Phoebe said...

PG,

"Admittedly, it's a more obscure and difficult-to-learn language than French, and his program came with a demanding set of courses in which he had to learn both classical literature and modern economics of the country."

A French degree, at least in my experience, comes with that kind of "demanding set of courses." Literature, every aspect of contemporary France, French history, etc. If this comes across as defensive on behalf of French majors, it's because when you mention having majored in French, there's a common assumption that this means you got a BA in conjugating the verb "to be" in a second language.

And if French itself isn't Arabic or Chinese - and I'll grant anyone that, having taken a language without the same script as English, that alone makes a world of difference - I think it's unusual for a language major to be content with just the one. Even if no other language is required, more are taken, if not to the same level.

Also, I'm not sure if, on average, your friend aside, the level of undergrad language mastery of more difficult languages comes close to that of French, Spanish, German, Italian. Anecdotal evidence: a whole lot of college students learn a new script and a few words. Whereas with French, etc., it's hard for even the most apathetic student not to emerge knowing more.

PG said...

The requirements are probably different at different universities. My alma mater requires French majors to take upper-level courses, but doesn't mandate that students take any classes outside the areas of language and literature. The entire Spring 2011 undergrad course offering is on literature, cinema, aesthetics, language, etc. I don't see anything about, say, French economics. There's only one class that looks useful for analyzing France politically (French Society & Civilization), which is the most advanced course offered. There's no history course other than "history of the French language," and the courses about France's former colonies are just about their literatures.

Then again, UVa may have a particularly arts-focused undergrad French program due to the strengths and interests of the professors. Similarly, the Economics department has little on leftist economics (despite being the most popular undergraduate major with about 600 BAs each year) because it's dominated by conservatives. I have a degree in economics yet know almost nothing about Marxism as an economic theory.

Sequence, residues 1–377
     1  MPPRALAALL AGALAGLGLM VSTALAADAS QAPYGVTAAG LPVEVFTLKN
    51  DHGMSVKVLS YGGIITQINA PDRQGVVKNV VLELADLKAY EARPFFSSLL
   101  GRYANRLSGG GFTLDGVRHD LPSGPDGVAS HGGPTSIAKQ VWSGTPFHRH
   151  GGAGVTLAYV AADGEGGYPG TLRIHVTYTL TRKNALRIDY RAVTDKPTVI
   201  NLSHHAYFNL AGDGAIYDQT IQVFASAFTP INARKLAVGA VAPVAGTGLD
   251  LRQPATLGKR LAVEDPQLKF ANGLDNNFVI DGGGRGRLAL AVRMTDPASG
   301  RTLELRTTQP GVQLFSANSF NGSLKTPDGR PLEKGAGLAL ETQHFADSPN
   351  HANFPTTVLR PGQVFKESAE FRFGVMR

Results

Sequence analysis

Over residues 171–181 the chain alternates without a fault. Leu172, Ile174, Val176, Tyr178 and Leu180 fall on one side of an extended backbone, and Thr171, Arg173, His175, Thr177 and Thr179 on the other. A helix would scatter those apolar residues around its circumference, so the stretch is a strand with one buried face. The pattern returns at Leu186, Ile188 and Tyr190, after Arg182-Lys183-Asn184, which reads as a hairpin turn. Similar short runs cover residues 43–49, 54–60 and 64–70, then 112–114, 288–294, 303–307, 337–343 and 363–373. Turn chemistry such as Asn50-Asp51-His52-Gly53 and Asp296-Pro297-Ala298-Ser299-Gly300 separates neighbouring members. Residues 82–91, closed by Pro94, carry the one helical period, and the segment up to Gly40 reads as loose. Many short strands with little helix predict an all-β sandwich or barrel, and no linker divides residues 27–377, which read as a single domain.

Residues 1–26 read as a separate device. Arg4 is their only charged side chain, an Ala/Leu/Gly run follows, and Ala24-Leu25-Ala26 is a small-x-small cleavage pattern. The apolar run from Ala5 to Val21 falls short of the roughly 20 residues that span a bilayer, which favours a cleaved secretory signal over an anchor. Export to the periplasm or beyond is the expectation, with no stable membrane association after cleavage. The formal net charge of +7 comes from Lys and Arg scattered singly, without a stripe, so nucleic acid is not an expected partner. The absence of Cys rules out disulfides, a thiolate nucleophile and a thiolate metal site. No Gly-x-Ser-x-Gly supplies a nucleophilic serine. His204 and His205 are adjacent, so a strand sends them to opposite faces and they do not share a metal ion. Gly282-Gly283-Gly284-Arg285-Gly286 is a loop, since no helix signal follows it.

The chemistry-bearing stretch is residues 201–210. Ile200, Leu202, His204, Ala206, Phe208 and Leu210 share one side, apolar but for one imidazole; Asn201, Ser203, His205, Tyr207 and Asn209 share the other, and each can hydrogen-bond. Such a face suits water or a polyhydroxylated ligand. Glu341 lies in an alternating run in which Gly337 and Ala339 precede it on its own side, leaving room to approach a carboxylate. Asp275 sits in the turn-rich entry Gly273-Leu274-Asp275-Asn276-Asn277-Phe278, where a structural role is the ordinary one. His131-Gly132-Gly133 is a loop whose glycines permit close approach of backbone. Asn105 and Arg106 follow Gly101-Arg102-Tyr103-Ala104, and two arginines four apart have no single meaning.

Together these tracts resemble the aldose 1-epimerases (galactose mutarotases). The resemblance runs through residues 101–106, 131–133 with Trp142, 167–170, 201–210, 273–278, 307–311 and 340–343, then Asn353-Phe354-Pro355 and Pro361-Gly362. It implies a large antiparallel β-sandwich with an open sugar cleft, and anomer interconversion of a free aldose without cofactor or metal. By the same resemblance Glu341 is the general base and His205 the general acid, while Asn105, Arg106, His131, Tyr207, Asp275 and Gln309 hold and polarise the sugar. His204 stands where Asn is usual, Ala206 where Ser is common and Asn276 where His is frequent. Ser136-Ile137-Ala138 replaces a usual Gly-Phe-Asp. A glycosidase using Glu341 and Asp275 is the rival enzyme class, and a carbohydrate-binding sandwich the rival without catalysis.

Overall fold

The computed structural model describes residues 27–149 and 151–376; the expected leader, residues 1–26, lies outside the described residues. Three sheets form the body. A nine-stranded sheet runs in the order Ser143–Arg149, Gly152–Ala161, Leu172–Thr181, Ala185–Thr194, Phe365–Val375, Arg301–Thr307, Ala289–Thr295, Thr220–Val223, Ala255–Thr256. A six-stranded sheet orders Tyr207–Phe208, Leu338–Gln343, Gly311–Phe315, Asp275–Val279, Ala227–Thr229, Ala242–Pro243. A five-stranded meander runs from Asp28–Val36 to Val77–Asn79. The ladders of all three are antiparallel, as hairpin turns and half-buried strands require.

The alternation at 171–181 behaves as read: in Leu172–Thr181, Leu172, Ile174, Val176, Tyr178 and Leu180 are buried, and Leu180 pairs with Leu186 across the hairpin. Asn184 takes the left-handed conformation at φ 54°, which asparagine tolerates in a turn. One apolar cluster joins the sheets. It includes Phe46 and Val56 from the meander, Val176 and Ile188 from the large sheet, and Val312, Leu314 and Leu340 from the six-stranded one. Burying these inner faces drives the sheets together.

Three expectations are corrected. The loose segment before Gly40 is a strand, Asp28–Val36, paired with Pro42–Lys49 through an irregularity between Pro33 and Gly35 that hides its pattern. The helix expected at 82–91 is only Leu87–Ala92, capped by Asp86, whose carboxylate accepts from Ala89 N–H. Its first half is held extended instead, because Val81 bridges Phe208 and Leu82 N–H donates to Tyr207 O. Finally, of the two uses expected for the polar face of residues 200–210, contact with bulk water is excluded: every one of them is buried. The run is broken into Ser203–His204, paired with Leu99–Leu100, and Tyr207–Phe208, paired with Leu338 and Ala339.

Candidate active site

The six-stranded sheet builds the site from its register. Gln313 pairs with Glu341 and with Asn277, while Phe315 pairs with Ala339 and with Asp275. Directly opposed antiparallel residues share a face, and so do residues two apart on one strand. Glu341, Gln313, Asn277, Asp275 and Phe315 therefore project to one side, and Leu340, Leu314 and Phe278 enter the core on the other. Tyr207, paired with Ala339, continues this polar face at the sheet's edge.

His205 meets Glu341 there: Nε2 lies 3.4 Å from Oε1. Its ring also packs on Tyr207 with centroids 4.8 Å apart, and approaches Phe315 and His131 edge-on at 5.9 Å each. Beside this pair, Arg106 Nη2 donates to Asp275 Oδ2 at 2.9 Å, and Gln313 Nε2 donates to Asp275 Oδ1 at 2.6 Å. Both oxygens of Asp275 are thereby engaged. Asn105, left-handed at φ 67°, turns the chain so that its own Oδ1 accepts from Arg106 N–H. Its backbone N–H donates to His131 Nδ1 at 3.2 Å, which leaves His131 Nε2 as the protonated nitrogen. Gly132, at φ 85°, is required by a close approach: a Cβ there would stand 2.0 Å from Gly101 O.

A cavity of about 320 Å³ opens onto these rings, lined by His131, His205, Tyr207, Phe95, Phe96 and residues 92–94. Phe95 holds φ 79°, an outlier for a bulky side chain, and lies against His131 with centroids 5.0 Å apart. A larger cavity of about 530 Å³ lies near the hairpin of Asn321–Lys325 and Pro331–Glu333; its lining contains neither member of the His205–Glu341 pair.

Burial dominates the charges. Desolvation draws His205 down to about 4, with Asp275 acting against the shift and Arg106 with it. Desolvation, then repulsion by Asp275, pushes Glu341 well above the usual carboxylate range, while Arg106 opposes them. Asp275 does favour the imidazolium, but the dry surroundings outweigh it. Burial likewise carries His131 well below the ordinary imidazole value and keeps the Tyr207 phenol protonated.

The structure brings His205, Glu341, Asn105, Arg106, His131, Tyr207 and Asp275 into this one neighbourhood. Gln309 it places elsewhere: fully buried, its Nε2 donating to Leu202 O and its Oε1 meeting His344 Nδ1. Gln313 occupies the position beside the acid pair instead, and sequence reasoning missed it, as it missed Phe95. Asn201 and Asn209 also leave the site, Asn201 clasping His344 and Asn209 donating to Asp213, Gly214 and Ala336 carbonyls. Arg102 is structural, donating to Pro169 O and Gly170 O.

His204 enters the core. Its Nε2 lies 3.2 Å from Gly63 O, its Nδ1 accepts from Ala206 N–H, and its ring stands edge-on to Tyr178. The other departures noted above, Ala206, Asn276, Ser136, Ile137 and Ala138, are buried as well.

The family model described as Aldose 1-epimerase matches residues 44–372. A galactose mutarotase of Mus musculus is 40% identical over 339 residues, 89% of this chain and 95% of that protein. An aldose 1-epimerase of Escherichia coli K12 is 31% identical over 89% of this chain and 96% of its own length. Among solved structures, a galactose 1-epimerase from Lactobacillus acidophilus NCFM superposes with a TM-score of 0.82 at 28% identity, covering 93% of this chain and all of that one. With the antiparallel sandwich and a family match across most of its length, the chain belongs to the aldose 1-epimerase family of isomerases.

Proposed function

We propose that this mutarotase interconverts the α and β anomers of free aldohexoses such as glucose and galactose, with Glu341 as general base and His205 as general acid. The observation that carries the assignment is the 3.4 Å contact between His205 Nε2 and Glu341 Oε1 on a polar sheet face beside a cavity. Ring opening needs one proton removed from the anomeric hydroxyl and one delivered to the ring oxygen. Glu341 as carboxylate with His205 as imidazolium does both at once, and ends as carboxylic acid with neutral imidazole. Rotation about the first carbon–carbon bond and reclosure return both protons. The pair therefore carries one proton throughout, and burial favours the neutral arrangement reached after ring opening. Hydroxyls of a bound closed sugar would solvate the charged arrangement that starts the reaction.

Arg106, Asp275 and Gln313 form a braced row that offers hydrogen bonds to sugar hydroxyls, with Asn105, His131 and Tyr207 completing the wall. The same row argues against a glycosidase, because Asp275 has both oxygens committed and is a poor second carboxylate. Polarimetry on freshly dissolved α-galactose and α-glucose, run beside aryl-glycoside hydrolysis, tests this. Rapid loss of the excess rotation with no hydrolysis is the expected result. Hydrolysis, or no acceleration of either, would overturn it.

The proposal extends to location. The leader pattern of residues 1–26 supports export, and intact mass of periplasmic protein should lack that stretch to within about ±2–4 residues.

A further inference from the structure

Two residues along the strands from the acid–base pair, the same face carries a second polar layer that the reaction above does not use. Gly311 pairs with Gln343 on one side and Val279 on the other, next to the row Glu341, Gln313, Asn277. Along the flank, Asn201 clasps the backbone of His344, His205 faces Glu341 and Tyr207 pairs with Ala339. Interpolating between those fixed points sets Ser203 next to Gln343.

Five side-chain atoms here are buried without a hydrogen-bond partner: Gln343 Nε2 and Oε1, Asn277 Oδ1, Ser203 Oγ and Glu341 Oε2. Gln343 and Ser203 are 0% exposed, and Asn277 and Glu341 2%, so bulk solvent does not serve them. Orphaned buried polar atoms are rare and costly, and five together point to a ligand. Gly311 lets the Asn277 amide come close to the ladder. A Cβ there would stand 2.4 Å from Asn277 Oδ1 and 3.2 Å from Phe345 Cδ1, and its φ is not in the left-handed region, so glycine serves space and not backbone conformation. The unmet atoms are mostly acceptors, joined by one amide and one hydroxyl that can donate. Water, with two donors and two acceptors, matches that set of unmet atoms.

I think non-Roman-script languages are taught beyond just the script itself. When I was trying to do a history project on the Sudan's brief communist coup and ran into the problem of much of Khartoum's communications being in Arabic, my professor suggested that I pay a 4th year Arabic major to do the translations. This presumably would have been impossible if majors only learned the script itself and wouldn't be able to recognize a reasonably broad set of words.

Phoebe said...

You're right - it varies by university. At UChicago, there weren't many French majors, so it was more that we were allowed to take the major in just about any direction we wanted, as long as we fulfilled the lit requirements and wrote our papers in French.

"I think non-Roman-script languages are taught beyond just the script itself."

Yes, of course! But I think it's unrealistic to assume the comfort level you reach in a language via college courses is the same, all things equal, for, to stick with these examples, French and Arabic. (There are exceptions, of course. Some people are truly gifted with languages, truly dedicated to getting past these barriers. Or, if your native language is Hebrew and you're struggling with English, you'd perhaps have a better time with Arabic than with French.) But unless your theoretical Arabic major had some prior knowledge of the language, I do find it hard to picture fluency. Translation, with a dictionary, isn't fluency. (I took a summer course on how to do this from German, so presumably four years could get someone to that point in Arabic.)

So there's the question of whether it's better, career-wise to know some of a much-sought-after language or more of a less-special one. My guess would be, it's a toss-up. There's also the question of whether, when "rigor" of various majors is being measured, getting to translation level in Chinese or Arabic versus getting to fluent speaking and literature analysis in French, Spanish, etc. This matters... not really so much in terms of getting a job, but in day-to-day interaction.